Second, the primary purpose of the streets is to accommodate vehicular traffic. Flattening the crosswalks in areas of hilly terrain could cause control and safety problems for vehicular traffic. This is even more of a concern for emergency vehicles. If a vehicle loses control in an intersection it is the pedestrians who are not protected and in the way of an errant vehicle.
Finally, the cost of constructing the flattened crosswalk
and then making the necessary adjustments to the street, the sidewalks,
utilities, and drainage would be cost prohibitive. In addition, there is the
cost associated with the damaging effect on vehicles traveling through the
flattened area and the costs: property, medical, time off work, and legal,
surrounding foreseeable accidents in the intersection.
KDOT recommends that the guidelines require a crosswalk to be constructed with the minimum cross slope achievable while staying within generally accepted and prevailing highway design criteria.
1105.3 Pedestrian Signal Phase Timing: This section requires that pedestrian signal phase timing be calculated at 3.0 feet per second. Like other sections of the proposed guidelines, this section takes away all engineering judgment and creates a mandatory requirement which has not been evaluated using engineering judgment. The MUTCD allows engineering judgment to determine the pedestrian signal phase timing. KDOT recommends that the MUTCD be followed in calculating the pedestrian signal phase timing with more conservative numbers being used when engineering judgment determines that the more conservative number is appropriate. Using a 3.0 foot per second phase timing could have huge negative impacts on the capacity of vehicles going through the intersection.
1105.5.3 Approach [of pedestrian overpasses and underpasses]: The proposed guidelines mandate that elevators be installed where the rise to a pedestrian overpass exceeds 60 inches. It is KDOT's opinion that purely pedestrian overpasses will not be constructed if there is a requirement to install elevators. Furthermore, overpasses will not be maintained or rehabilitated for fear of triggering the requirement for an elevator. Overpasses with elevators will not be constructed due to the cost of constructing, maintaining and securing the elevators. KDOT recommends that ramps continue to be used for pedestrian access to overpasses.
1105.6.1 Separation [at roundabouts]: The accessibility guidelines provide that barriers be provided along the street side of the sidewalk where pedestrian crossing is prohibited at a roundabout. No other guidance is provided about what type of barrier should be used at such a location. A barrier used in this type of situation will need to be crashworthy, have tested end treatments, and not be a restriction for sight distance of the motorists. Even if such a barrier could be designed and manufactured, a barrier complying with the requirements on crashworthiness and not impairing sight distance will add substantially to the cost of constructing a roundabout. KDOT recommends this provision be dropped.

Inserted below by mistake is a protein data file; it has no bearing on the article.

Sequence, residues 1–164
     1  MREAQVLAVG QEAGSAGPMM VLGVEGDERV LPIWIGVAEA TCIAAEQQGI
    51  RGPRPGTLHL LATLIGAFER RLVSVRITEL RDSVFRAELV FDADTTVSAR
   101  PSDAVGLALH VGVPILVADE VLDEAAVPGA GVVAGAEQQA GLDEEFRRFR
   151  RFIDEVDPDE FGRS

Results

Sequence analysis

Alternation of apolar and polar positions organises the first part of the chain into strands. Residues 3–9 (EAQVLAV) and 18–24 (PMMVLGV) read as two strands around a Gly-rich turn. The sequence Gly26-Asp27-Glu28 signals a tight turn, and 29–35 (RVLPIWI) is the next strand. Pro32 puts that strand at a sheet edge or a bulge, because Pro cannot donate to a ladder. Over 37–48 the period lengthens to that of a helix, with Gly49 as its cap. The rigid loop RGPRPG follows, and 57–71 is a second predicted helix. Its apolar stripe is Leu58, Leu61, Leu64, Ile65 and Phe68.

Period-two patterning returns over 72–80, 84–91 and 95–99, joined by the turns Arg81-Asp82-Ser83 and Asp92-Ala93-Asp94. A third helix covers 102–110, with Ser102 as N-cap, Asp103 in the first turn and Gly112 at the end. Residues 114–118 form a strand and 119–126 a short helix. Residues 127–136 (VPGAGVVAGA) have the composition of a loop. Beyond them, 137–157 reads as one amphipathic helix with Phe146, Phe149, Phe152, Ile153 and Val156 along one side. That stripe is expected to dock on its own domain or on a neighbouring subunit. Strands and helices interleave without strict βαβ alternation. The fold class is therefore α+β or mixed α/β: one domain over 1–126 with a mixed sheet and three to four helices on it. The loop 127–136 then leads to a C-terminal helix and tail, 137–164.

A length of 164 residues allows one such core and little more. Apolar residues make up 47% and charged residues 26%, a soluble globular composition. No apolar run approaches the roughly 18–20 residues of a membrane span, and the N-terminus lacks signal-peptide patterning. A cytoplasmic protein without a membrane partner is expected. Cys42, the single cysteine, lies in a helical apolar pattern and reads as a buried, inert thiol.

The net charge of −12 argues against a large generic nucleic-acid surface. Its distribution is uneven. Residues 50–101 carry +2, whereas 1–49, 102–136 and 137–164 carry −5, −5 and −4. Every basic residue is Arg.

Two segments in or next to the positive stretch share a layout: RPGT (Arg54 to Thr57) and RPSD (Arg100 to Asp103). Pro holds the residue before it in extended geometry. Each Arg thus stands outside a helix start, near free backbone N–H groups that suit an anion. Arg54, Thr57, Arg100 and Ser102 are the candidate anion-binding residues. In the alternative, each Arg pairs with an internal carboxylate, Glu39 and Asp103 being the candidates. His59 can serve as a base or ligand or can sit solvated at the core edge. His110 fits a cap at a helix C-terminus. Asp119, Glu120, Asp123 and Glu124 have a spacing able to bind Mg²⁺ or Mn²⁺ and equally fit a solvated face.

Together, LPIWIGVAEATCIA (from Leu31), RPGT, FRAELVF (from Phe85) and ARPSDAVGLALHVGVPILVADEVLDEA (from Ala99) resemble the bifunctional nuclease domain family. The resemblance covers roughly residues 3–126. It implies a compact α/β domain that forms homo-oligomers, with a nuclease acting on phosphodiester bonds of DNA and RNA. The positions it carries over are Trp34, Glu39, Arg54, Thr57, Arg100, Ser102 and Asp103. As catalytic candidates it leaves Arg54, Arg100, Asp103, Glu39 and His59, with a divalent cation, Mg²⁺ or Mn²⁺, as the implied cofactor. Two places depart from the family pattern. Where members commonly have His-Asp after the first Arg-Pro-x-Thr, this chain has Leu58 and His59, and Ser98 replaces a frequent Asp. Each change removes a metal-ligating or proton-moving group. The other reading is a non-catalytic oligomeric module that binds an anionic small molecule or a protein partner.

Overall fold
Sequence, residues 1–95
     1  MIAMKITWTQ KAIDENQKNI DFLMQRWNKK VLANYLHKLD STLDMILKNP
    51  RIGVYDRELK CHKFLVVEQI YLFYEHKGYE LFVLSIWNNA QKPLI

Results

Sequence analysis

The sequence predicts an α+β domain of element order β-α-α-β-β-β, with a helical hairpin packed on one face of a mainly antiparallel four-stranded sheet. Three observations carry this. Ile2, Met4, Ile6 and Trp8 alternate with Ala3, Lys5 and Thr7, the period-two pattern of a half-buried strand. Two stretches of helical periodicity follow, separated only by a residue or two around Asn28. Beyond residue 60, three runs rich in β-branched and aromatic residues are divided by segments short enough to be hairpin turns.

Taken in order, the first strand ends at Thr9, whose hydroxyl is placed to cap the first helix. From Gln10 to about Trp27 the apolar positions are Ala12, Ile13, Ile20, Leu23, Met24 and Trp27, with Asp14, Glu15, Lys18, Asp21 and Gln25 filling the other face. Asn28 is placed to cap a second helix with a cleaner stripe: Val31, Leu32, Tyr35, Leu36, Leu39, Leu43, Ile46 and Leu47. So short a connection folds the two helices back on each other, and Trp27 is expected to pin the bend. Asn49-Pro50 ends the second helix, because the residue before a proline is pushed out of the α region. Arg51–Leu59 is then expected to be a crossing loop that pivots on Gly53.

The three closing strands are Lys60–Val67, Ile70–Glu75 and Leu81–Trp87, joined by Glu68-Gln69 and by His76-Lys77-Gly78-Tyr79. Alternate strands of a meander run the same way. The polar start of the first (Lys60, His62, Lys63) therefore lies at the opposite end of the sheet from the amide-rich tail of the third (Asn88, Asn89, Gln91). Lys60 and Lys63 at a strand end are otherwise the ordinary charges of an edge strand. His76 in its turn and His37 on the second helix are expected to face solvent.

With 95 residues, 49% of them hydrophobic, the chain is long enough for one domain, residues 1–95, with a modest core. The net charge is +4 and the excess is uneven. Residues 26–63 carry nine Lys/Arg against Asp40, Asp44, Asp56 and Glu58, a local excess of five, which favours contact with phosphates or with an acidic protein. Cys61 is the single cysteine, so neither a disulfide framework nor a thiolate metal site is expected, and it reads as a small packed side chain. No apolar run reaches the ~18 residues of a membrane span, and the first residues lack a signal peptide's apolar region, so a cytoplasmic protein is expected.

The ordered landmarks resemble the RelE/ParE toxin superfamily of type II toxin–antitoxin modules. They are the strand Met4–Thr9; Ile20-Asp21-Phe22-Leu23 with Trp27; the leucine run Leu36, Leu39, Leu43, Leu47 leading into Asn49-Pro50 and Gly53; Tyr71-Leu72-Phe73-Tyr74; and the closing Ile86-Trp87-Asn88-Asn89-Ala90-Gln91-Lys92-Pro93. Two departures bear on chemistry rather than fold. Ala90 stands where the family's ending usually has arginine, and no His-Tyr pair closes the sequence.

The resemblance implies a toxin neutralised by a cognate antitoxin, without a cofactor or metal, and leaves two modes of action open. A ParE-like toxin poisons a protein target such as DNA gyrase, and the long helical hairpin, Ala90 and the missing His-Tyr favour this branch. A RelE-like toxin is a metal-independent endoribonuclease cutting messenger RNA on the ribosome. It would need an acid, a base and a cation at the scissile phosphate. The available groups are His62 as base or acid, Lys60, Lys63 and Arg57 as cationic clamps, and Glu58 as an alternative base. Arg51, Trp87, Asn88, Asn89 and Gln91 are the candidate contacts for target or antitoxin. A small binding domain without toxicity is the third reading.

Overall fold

1105.6.2 Signals [at roundabouts]: This section mandates the installation of pedestrian signal devices at crosswalks on a roundabout. KDOT has serious misgivings about this requirement. Stop control signals on roundabouts defeats the purpose of roundabouts. Roundabouts keep traffic moving at a reduced speed. This in turn increases traffic capacity, reduces the severity of crashes, and reduces harmful emissions. A requirement for the installation of pedestrian signals at crosswalks in roundabouts will seriously reduce the number of roundabouts constructed. In addition, a stop control on a roundabout is unexpected by drivers. Unexpected conditions increase the likelihood of vehicle crashes injuring vehicle occupants as well as pedestrians. Finally, the proposed guidelines' mandatory provision totally ignores whether the MUTCD warrants the installation of a pedestrian signal at the crosswalk or not. KDOT recommends that this provision be removed. In the alternative, KDOT recommends that the provision be reserved until the Transportation Research Board's National Cooperative Highway Research Program Project 3-65, Applying Roundabouts in the Untied States is complete. The research project can be used as a basis for writing appropriate accessibility provisions for roundabouts.
1105.7 Turn Lanes at Intersection: This provision mimics the provision concerning pedestrian signals at roundabouts. Consequently, KDOT shares the same concerns with this provision as it does on the provision governing signals at roundabouts.
1106 Accessible Pedestrian Signal Systems: The provisions governing accessible pedestrian signal systems cover items such as audible and vibrotactile indications of the walk interval; the location of the signals; the minimum distance from other signals, (which prohibits the use of two signal heads on the same support); locator tones on the pedestrian push button; and directional and information signs that must provide information in both tactile and visual forms. KDOT's concern is the cost associated with the design, construction and maintenance of such elaborate pedestrian signals. KDOT recommends that the Access Board wait for information obtained in the National Cooperative Highway Research Program Project 3-62, Guidelines for Accessible Pedestrian Signals before setting regulations in this area.